Knock-for-knock clauses may not always be what they seem

November 3, 2015

The contractual regulation of liability through knock-for-knock clauses has been an important feature of North Sea offshore contracts for many years. But a recent judgment by the Norwegian Court of Appeal demonstrates that the agreed liability regime does not always hold-up under legal examination.

Mechanics and overall purpose of knock-for-knock clauses

Njord platform A. Image from Statoil.

Knock-for-knock clauses are frequently used in the offshore and supply industries to regulate the liability of owners and charterers or contractors. Examples include clauses found in the standard form of contracts for offshore construction and subsea works as well as BIMCO's Supplytime, Windtime, Towcon and Towhire forms. Becoming an increasingly common feature throughout the offshore and supply industries, owners and operators should also be aware of the limitations in the application of knock-for-knock principles and the potential impact on the agreed distribution of risk and liability.

Knock-for-knock clauses normally stipulate that each party bears the risk of damage or injury to its own (group's) equipment, property, and personnel. They also establish that all parties are liable to named third-parties and/or for specific third party liabilities (including pollution), and that there will be no recourse between the parties in respect of such third-party liabilities.

Under a typical knock-for-knock clause, the parties agree to indemnify each other from any liability that in light of the agreed division of liability has been misdirected, in the process restoring the agreed division of liability.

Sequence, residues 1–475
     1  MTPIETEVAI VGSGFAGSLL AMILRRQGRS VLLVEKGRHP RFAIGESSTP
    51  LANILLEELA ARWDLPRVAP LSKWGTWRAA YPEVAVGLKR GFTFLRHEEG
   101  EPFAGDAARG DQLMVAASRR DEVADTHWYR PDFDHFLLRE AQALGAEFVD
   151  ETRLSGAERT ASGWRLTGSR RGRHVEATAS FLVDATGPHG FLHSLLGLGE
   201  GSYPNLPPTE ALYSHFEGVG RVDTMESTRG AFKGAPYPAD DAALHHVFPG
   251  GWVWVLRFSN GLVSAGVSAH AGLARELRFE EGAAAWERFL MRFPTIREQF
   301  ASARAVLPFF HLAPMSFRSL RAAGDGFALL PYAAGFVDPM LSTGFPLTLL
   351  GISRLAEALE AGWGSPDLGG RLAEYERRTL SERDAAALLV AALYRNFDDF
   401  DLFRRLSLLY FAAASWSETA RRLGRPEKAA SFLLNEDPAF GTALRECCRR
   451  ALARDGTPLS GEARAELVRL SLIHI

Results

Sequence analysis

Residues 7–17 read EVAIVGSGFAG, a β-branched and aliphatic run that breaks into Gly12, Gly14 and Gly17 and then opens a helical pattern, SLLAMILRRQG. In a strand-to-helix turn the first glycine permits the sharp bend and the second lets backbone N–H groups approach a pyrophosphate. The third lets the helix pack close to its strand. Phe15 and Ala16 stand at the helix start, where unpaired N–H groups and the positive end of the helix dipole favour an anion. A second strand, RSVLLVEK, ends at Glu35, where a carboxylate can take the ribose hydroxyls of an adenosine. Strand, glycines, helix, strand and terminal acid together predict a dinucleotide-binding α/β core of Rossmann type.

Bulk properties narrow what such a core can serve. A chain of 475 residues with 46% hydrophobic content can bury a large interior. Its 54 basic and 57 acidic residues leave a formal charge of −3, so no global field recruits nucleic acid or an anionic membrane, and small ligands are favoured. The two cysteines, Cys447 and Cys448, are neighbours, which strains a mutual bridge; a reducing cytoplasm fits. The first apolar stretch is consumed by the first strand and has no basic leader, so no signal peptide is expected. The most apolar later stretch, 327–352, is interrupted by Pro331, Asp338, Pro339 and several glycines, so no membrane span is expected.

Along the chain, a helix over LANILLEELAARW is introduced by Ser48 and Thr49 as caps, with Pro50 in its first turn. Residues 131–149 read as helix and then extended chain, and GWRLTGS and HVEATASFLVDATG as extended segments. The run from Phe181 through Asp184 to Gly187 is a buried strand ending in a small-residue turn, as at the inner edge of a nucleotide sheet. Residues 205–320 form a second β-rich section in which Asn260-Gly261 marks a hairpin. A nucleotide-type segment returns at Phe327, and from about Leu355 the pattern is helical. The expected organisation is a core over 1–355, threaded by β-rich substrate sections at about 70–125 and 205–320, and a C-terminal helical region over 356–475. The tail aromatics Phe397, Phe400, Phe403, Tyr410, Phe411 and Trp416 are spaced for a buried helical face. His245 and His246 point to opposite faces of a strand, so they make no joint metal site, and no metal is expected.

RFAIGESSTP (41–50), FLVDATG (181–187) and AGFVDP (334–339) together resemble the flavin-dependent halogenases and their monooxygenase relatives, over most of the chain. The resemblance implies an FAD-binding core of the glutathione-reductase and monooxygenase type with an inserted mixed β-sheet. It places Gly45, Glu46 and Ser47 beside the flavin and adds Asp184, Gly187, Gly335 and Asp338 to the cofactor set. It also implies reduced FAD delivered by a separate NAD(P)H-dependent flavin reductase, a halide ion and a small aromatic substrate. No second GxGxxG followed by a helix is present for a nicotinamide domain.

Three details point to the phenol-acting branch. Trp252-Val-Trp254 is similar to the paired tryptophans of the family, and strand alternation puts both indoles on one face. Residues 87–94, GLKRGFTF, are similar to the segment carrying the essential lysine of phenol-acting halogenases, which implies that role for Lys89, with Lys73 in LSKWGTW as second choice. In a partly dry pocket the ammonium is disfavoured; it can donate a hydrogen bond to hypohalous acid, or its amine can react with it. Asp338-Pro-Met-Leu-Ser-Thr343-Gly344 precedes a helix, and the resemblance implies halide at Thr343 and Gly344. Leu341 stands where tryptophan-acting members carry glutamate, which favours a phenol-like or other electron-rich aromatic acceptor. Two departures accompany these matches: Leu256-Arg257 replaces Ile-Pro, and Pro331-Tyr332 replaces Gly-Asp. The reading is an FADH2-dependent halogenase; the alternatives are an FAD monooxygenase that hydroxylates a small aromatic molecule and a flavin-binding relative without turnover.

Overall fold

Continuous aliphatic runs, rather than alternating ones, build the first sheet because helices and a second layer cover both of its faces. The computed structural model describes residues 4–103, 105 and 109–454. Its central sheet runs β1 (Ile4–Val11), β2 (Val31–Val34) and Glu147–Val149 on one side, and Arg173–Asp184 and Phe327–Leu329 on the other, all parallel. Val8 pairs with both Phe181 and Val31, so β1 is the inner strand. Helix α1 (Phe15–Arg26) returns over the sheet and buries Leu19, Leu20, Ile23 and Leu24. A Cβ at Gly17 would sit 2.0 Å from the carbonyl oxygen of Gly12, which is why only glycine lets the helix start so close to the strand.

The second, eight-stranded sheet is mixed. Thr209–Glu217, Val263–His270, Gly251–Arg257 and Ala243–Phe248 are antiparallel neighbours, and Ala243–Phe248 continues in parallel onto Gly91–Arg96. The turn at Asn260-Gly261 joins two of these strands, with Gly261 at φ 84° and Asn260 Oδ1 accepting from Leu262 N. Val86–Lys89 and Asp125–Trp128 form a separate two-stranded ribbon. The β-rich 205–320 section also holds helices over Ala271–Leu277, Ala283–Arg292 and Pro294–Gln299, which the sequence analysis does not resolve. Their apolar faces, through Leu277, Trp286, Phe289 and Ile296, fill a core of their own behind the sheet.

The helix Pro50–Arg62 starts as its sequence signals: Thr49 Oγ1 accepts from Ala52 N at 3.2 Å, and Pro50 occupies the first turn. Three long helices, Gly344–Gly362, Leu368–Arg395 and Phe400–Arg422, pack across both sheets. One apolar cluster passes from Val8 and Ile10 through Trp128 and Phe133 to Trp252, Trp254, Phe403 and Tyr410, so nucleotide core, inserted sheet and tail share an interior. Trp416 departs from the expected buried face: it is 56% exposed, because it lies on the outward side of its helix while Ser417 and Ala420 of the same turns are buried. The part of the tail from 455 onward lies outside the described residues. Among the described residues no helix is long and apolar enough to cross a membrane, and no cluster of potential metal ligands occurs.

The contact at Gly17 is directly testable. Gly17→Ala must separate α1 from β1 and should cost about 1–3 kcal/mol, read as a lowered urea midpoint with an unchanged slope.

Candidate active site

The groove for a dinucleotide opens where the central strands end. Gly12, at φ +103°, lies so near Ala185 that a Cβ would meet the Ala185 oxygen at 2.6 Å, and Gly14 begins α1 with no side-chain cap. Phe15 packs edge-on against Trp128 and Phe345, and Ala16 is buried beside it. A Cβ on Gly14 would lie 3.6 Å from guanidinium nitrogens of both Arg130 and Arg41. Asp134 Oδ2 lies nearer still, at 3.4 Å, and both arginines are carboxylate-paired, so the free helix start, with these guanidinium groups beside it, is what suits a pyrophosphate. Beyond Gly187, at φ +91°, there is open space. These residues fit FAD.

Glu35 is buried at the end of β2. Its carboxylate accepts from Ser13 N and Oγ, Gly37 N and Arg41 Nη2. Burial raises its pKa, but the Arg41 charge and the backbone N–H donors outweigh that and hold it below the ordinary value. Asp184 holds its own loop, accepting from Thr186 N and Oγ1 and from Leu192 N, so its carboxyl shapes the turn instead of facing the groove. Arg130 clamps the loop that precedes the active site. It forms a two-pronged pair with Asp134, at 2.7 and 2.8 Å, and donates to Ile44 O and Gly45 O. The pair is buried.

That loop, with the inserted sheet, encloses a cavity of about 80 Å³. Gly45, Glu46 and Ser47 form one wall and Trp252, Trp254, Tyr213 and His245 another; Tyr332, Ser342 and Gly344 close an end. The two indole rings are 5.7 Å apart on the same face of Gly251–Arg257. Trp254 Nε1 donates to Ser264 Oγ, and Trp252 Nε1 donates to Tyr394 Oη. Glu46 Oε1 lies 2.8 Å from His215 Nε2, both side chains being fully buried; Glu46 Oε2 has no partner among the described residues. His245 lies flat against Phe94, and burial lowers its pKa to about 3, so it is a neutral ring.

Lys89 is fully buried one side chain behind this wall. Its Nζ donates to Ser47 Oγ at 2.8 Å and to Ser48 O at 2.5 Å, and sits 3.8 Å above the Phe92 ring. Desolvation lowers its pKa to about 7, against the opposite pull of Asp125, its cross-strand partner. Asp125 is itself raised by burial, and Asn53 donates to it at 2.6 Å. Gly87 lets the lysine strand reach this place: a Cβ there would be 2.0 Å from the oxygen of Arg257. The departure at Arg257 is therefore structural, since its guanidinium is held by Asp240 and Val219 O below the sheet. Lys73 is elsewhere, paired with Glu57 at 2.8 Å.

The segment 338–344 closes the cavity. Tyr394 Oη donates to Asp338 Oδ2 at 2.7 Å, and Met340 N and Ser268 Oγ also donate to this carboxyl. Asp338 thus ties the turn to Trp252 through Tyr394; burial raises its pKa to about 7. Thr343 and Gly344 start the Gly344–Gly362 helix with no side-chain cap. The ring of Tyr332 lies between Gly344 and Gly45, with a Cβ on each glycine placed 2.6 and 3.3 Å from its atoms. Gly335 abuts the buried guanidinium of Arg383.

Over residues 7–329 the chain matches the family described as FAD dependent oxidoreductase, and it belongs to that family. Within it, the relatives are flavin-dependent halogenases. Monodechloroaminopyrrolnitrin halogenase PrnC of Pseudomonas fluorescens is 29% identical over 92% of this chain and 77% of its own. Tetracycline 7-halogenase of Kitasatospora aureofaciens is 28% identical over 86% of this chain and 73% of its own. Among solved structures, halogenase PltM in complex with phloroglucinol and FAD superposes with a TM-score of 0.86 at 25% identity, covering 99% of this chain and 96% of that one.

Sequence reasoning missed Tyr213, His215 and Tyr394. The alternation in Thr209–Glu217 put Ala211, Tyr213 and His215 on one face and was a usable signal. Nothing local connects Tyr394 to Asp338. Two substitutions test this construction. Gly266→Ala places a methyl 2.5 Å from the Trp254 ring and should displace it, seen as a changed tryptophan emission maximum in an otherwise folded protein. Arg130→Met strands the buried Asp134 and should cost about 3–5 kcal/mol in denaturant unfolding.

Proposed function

Normally, the parties agree that the knock-for-knock principle should apply regardless of fault. For example, Clause 14 of Supplytime stipulates, "… even if such loss, damage, injury or death is caused wholly or partially by the act, neglect or default of the Charterers' Group [Owners' Group]"). In such cases, the knock-for-knock clause effectively operates as a mutual exclusion of liability clause. The knock-for-knock clause is also typically coupled with an exclusion of liability for indirect and/or consequential losses.

If the national courts make exceptions to the applicability of the knock-for-knock principle e.g. in situations where one party is at fault, the intended benefits of contractual certainty and conflict-avoidance are challenged, and the consequences may be far reaching.

Njord in my back yard

Njord B. Image from Statoil. 

While the agreed liability regime in knock-for-knock clauses has been tested and found to hold water by the English courts in, among other cases, the "Mobius" and the "A Turtle" judgments, a recent decision by one of the Norwegian Courts of Appeal demonstrates that the Norwegian courts take a more restrictive approach to wide-ranging exclusion of liability clauses in situations where the party seeking to rely on the exclusion is at fault.

The judgment rendered by the Norwegian Court of Appeal in the "Njord B" case (LG-2012-77280) concerned, among other issues, the interpretation of a knock-for-knock clause in a contract of affreightment (CoA) for the offloading and transportation of crude oil from the Njord B field in the North Sea. Following a collision between the FSO "Njord B" and the shuttle tanker "Navion Hispania", the "Njord B" licensees claimed damages from the owners of the "Navion Hispania", who in turn sought an indemnity from the charterer under the CoA's knock-for-knock clause (the licensees were alleged to be part of the "Charterer's Group" as defined in the CoA).